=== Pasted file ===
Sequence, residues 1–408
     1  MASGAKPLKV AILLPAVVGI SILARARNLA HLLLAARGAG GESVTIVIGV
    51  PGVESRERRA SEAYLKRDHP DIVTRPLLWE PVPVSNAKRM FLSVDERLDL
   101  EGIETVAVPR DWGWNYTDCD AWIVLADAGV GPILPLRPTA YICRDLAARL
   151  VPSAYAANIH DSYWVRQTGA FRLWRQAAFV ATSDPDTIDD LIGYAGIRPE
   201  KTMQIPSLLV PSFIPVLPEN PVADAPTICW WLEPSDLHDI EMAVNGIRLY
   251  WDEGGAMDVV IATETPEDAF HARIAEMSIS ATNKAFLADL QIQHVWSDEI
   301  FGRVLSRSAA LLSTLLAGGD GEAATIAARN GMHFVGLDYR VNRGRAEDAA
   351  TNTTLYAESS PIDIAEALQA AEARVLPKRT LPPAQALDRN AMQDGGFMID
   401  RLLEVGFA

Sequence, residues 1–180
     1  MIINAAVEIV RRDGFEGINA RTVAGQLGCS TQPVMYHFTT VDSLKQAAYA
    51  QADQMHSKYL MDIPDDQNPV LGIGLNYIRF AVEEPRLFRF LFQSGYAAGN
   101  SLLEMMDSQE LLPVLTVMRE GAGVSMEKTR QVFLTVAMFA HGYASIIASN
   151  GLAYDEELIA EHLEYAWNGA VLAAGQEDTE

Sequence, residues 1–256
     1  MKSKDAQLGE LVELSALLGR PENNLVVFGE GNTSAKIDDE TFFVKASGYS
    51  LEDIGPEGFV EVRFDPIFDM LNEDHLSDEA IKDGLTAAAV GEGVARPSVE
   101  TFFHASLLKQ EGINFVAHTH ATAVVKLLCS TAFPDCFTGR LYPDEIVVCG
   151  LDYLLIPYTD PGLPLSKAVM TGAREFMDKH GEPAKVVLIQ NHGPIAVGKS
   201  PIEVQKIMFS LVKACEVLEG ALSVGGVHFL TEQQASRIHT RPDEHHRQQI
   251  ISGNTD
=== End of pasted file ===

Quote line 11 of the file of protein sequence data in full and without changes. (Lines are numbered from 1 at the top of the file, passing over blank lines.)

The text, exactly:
Sequence, residues 1–180